Why guilt free spending is important?
– deprivation is not sustainable
– bring change into your life
How much should you be spending guilt free?
– relative to your income
– on a regular interval
– not on life’s necessities
– not automated spending
– be deliberate about it
– make sure it is aligned with your priorities
– no room for personal agendas (not significant in value)
Sources of guilt free money:
– allowance – make it part of your budget
– gift money
Personal Finance Myths We like to make excuses; easier to blame others then ourselves. We all, like eating, have the ability, for thee majority, to earn, save, and spend.
1.“Personal finance is too hard.” — news flash, a lot of the most important things we will ever embark on in life are really hard. Anything worth having, anything worth being good at is always going to challenging, But its how willing you are to fight to achieve what you want to achieve is the true measure of strength and resiliency. Change will come from a place of discomfort.
2. “Personal finance is easy… just don’t buy anything or spend any money, I’m set…” — things happen, clever marketing ads get shoved in your throat in all sorts of subconscious ways, its harder then ever not to spend money
3. “My parents are bad at it which means they didn’t teach me how to get too at it.” — the moment you stop letting someone else dictate how good or bad you are and will ever get at something is the moment you relinquish control. Control and permission to excel at something and be great. You are not your parent’s legacy, instead you can foster your own legacy at leading an incredible personal financial life. Yes, you may not have been dealt an incredible hand, but you own how you play that hand out. I will also in the same breathe be the the first to admit that my parents are incredible with their finances, that everything I know and everything I told true is because of them.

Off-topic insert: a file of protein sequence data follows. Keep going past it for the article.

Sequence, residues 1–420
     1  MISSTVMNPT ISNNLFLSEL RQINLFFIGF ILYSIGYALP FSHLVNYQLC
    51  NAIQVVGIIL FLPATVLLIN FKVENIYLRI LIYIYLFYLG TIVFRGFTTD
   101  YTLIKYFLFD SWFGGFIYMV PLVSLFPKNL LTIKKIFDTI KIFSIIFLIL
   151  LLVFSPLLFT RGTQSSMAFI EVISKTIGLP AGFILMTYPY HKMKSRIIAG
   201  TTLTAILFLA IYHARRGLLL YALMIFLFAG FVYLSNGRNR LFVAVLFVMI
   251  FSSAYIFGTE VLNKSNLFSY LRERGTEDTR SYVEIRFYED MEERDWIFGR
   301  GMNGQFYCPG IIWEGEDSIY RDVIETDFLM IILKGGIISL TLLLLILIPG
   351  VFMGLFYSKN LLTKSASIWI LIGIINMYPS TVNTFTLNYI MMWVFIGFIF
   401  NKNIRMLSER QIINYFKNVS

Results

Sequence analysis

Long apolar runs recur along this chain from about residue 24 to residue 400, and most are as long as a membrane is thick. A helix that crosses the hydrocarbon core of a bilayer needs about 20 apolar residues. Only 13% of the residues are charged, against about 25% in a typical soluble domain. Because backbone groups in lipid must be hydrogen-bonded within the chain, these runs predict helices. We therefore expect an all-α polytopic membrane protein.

4. “People with a financial background have an upper hand.”
5. “Personal finance is a place you get to.” — in reality, it’s a journey not a destination and you have to be kind, gentle, and patient with yourself as you grow and go through this journey
6. “There’s a “right” way to do personal finance” — and by right way we mean there are right strategies to take on i.e. spend less then you earn, but the things that work for your neighbour, friend, etc. might not work for you. It’s easy to get caught up in the perfectionist side of things, that if you live your life according to the success plan that worked for someone else it’ll work for you, however in reality our lives are all so unique.
7. “I’m older now, its too late.” — its never too late
8. “Caring about personal finances is only for those with lower incomes.”
9. “If I made more money I wouldn’t have any financial worries or problems”. —Don’t look for external solutions to an internal problem
10. “Everyone else around me is living large, why can’t I?”
11. “It feels like my debts will never get paid off, why even try or start?”
12. “I tried the personal finance thing and it didn’t work.” — Trust yourself — trust yourself that you’ll have the ability to succeed
13. “My spouse takes care of the personal finances so I don’t have to.” — faulty approach, important to delineate roles, but also as important for both partners to have a pulse on your joint personal finance situation and be jointly involved (regardless of who may be the primary/larger bread winner of the family unit). Each partner serves as a sounding board, your accountability partner. Ensures your immediate/short term actions align with your long term goals.
14. “Thinking about personal finance is too restrictive — budgets, curbing my spending…”
15. “I’m not wired that way.” — its not about math, its something you need to learn, something you should embrace getting good at
16. “Personal finance is something I can ‘dabble in’ whenever its convent for me” / “I have a bad habit on spending money on things I don’t need.” — no, personal finance is a way of life and a way of living, not a habit to be broken and then commit to next week or next year when you think it’ll be easier.